Wednesday, October 5, 2011


Pacific Science Center’s Life Sciences team just added an exciting group of insects to our exhibit area to enhance the collection we already have. What made these new insects special is the order they belong to – the coleoptera, or beetles. The beetles are a huge, successful group of insects, with over 350,000 species. Beetles can be recognized by their sheath-like forewings, or elytra, which protect the hind wings used in flight. All beetles have chewing mouthparts. Beyond that, their diet and habitats vary enormously.

Some are extremely specific, with one or a few key foods they can eat. Moneilema gigas, the cactus long horned beetle, is a great example of an insect whose body is adapted to a specific plant and habitat. Their long legs help them skirt around the sharp spines of cactus, and their slow movement and lack of flight reflect the life of an insect whose best defense if the plant they live on. Cactus long horned beetles chew on cactus, opening areas where they can lay eggs. The larvae mature inside the plant, and can be a serious pest to commercial cactus growers. Our beetles have started working their way through a nopal cactus paddle.

Meanwhile, in the water, all kinds of beetles are in action. Dineutus emarginatus, the whirligig beetles, skid along the top, often swimming in circles when they get excited. Adapted to the water’s surface, these beetles’ eyes are split, with half of each eye adapted to see through air and half adapted to see in the water.

Sunburst diving beetles and green diving beetles (genus Thermonectus) spend more of their time underwater, carrying a bubble of air under their elytra like a tiny scuba tank. Because insects breathe through spiracles in their abdomen, they don’t need air around their faces, meaning they can eat underwater. These colorful and energetic beetles are skilled hunters, often feeding on insects many times their size.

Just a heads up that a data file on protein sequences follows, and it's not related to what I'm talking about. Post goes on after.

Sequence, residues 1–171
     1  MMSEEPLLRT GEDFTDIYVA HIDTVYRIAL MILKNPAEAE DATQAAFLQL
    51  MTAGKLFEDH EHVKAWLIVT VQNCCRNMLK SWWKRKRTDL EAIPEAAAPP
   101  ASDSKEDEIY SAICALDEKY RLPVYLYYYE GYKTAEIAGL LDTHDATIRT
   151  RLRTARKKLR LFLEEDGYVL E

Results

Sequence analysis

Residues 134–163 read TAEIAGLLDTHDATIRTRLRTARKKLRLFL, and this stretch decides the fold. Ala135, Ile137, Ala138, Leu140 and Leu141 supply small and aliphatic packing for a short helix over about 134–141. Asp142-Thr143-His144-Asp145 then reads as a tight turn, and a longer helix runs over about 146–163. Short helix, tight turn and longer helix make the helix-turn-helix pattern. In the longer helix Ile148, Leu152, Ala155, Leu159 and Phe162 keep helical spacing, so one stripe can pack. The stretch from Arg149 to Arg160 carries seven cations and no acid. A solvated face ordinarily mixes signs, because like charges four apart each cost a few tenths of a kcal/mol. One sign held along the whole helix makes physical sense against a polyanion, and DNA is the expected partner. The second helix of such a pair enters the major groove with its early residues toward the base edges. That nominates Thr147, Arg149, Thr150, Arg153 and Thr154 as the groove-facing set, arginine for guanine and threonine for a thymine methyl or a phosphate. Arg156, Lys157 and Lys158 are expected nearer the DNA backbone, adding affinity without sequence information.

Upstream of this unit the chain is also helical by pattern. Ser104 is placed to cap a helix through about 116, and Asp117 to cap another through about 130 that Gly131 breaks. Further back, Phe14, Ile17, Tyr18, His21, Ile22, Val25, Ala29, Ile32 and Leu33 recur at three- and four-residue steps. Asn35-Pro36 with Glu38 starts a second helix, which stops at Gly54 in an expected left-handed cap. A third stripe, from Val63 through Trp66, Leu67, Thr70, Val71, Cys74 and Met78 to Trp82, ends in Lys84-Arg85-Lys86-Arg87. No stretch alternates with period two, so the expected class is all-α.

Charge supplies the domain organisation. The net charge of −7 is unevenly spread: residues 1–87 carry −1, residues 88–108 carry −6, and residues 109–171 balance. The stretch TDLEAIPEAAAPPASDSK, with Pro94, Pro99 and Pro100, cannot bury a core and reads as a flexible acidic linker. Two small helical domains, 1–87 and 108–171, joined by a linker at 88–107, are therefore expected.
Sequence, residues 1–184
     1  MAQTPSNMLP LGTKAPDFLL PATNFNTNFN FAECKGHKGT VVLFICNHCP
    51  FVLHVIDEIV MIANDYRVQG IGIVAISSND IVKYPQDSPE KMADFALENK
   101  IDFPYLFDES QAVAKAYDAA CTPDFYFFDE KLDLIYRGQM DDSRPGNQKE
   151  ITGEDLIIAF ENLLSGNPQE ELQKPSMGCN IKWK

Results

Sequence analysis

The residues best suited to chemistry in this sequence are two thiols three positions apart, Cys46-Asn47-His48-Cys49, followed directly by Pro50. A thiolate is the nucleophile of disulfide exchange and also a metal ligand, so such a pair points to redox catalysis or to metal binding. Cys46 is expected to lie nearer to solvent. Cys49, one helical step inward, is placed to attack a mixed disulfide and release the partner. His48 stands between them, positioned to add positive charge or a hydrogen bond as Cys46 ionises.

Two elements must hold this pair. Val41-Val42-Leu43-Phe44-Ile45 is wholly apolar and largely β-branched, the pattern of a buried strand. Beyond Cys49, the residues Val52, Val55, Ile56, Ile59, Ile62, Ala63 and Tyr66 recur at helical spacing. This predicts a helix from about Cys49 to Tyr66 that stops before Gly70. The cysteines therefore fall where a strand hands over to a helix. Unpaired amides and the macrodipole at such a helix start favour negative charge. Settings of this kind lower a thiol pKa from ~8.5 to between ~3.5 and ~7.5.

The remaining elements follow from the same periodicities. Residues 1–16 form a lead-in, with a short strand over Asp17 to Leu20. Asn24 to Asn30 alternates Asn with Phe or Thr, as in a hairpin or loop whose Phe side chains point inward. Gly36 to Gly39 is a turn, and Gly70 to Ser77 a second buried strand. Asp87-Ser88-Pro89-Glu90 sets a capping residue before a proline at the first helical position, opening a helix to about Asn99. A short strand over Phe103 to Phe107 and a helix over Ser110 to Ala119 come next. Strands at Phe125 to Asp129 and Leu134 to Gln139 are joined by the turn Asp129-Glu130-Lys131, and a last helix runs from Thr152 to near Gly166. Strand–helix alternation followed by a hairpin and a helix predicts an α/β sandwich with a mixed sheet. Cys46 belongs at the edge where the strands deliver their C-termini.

The water scavenger beetle, Hydrophilus triangularis, is safe from the smaller beetles because of its thick exoskeleton. It is free to roam about the tank, gleaning bits of uneaten food, both plant and animal.

These beetle species join an exhibit floor already rich in beetle diversity. Check out the dermestid beetles, which help the cycle that decomposes dead organisms back into the soil.

The familiar mealworms, which feed on various cereals, are really larval stage of the beetle tenebrio molitor.

The blue death feigning beetle, Cryptoglossa verrucosus, is one of our favorite exhibit insects. This desert dwelling insect rests on its back or sides, in a death-like posture that rivals our naked mole-rats in its realism. Yet they are one of the hardiest and longest lived creatures in our collection.

Rounding out our beetles, we are experimenting with a handful (not literally) of dung beetles, genus Canthon. These beetles spend most of their life cycle closely associated with dung, which they eat, roll, hide in and feed to their young. If we can display them in a way that does justice to their unusual diet, they may go out on exhibit in the near future.

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